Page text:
One in eight older cancer patients with no history of depression in a Canadian cohort developed new-onset depression—and just under half of those with cancer and a history of depression experienced a return of their depression—during the COVID-19 pandemic, according to a study published yesterday in Cancer Management and Research.
A University of Toronto–led research team parsed data on 2,486 cancer patients aged 50 and older from four waves of the Canadian Longitudinal Study on Aging Comprehensive Cohort and depression screening results in fall 2020.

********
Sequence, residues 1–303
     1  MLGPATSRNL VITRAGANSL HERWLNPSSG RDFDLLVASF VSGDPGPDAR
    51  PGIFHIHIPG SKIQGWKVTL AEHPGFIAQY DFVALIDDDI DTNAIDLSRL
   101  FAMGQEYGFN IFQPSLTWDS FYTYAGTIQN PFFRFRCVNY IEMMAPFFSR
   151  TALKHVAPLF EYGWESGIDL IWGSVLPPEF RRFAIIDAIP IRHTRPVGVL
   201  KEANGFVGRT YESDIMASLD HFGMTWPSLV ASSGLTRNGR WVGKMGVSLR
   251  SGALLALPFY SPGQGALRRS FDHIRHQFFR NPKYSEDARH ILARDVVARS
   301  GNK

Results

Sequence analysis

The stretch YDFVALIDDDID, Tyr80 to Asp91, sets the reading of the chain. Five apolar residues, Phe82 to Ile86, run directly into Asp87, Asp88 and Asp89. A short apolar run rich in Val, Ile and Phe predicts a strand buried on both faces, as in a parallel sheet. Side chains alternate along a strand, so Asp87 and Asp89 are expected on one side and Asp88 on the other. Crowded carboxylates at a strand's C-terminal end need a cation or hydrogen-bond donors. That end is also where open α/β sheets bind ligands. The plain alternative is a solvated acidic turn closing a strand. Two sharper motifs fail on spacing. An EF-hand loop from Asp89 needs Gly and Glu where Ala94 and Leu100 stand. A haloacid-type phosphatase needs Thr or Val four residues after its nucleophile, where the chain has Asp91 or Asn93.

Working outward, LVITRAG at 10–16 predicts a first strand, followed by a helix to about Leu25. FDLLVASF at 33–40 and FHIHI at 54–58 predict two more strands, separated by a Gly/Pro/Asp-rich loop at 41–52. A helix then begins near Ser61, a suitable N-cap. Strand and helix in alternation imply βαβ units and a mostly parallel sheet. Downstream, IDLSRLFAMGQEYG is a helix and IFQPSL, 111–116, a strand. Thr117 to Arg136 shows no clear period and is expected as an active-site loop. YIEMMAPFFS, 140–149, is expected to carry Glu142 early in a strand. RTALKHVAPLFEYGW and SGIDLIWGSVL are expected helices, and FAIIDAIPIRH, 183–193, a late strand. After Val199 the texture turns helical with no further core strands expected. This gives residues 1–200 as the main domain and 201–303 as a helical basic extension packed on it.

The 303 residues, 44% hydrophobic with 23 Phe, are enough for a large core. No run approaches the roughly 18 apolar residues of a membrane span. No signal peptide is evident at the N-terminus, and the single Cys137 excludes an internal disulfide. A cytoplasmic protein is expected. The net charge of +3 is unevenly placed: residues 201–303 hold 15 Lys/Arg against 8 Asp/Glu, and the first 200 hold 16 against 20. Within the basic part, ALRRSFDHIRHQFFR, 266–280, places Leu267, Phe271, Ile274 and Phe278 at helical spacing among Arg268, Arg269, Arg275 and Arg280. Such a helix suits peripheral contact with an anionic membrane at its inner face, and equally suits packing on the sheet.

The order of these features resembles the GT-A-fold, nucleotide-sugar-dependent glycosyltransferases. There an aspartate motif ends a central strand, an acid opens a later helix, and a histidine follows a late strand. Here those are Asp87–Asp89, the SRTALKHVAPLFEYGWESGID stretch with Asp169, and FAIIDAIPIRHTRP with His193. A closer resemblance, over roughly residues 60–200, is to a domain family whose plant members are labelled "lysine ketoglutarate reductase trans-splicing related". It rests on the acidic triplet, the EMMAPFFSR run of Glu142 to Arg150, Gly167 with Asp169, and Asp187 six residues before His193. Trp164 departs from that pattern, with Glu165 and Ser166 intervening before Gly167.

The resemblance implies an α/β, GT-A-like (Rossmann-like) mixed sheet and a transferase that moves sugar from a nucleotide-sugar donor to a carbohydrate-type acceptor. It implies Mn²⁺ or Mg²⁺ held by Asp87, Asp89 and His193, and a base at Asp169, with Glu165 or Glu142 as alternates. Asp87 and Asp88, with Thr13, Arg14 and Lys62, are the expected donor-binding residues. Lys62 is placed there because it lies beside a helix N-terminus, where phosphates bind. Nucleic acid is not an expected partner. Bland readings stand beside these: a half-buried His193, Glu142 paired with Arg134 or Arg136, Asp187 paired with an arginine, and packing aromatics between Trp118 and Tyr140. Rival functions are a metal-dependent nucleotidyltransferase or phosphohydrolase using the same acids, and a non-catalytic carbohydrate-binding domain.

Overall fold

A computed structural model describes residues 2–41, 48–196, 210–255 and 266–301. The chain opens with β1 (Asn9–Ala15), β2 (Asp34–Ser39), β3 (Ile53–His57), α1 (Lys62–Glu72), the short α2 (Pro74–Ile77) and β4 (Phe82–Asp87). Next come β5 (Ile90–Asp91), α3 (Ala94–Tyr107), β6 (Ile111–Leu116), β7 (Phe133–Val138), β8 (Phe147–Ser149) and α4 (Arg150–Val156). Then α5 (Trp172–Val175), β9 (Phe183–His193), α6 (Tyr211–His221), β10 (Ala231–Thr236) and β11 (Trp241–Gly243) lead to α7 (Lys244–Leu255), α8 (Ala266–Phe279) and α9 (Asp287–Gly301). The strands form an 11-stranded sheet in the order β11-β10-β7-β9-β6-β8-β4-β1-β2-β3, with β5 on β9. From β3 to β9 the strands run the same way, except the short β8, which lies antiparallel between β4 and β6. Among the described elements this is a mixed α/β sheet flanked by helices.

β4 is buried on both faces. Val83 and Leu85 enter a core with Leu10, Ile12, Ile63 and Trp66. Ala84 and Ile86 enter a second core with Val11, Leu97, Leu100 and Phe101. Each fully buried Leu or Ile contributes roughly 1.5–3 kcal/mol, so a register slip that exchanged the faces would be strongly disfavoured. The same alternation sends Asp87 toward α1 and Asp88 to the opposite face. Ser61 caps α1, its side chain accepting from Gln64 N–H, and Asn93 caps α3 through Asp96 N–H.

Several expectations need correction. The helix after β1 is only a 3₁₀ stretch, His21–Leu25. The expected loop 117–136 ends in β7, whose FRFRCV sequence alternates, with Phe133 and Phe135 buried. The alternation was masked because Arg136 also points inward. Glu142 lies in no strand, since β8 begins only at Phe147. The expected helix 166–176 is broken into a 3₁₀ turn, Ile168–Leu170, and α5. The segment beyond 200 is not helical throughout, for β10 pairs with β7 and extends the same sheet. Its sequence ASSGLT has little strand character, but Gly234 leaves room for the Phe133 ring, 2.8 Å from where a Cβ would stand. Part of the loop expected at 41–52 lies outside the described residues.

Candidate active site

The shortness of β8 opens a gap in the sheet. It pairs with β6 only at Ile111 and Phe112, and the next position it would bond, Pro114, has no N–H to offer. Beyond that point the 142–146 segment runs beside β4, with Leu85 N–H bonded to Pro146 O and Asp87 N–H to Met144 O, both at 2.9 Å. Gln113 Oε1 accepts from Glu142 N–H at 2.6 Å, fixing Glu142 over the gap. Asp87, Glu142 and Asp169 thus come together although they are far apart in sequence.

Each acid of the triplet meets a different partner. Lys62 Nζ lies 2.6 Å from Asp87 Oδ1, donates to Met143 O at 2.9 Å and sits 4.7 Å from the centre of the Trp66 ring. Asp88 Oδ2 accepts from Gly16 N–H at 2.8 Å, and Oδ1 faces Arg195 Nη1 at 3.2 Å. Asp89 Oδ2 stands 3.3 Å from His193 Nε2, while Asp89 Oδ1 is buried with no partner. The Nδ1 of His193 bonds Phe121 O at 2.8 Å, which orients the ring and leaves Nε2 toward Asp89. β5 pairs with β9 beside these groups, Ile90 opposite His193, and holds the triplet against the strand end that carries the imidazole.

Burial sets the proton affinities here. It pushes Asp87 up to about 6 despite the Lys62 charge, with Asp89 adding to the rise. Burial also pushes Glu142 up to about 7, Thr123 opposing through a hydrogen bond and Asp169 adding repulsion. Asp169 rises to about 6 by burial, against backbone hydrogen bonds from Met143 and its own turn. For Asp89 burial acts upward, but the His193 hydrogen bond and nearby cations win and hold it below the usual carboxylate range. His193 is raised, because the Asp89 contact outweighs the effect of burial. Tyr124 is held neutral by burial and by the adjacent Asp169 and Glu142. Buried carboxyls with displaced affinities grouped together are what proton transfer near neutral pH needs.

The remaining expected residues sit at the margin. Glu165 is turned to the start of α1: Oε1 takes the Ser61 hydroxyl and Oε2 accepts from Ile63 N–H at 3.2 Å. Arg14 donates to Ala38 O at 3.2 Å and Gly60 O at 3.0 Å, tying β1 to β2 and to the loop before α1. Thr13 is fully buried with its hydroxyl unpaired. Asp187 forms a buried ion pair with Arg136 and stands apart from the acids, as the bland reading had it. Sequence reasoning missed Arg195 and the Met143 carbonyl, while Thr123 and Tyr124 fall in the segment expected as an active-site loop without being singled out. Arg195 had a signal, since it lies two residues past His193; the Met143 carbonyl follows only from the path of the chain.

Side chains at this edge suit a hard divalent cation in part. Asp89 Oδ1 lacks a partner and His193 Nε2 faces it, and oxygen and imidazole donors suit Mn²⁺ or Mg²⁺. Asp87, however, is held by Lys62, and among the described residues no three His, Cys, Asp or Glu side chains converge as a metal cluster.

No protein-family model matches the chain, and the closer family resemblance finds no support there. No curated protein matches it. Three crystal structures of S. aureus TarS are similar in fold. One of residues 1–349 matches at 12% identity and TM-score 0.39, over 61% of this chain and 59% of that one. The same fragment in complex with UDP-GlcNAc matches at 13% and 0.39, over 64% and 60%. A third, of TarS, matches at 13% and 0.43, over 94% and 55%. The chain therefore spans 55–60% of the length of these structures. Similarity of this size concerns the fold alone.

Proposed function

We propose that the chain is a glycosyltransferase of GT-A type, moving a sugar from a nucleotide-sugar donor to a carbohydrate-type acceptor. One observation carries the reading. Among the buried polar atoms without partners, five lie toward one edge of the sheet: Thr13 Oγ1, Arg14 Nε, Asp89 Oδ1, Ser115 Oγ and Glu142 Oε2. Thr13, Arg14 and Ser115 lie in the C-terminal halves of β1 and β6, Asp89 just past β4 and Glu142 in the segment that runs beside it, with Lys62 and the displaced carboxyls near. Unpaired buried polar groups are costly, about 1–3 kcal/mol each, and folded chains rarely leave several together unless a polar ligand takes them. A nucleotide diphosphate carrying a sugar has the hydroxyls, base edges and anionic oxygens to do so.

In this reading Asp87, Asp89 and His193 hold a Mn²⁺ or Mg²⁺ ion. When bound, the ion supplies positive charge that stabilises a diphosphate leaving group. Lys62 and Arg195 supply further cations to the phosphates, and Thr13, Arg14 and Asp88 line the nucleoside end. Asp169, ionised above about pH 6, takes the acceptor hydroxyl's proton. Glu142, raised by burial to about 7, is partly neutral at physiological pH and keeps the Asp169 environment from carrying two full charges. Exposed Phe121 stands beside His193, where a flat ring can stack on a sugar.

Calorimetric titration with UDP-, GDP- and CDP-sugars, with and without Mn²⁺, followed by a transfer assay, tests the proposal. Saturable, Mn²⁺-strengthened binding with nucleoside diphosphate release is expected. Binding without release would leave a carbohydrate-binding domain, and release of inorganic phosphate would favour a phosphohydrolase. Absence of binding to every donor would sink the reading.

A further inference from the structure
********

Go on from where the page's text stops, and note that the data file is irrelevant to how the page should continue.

Women at 50% higher risk of new depression
Among 1,765 cancer patients with no history of depression, one in eight (11.8%) were diagnosed as having new-onset depression, and 45.8% of the 721 patients with a history of depression had a recurrence of depression. The risk of both new-onset and recurrent depression was greater in those who reported loneliness, had functional limitations, or experienced escalated family conflict amid the pandemic.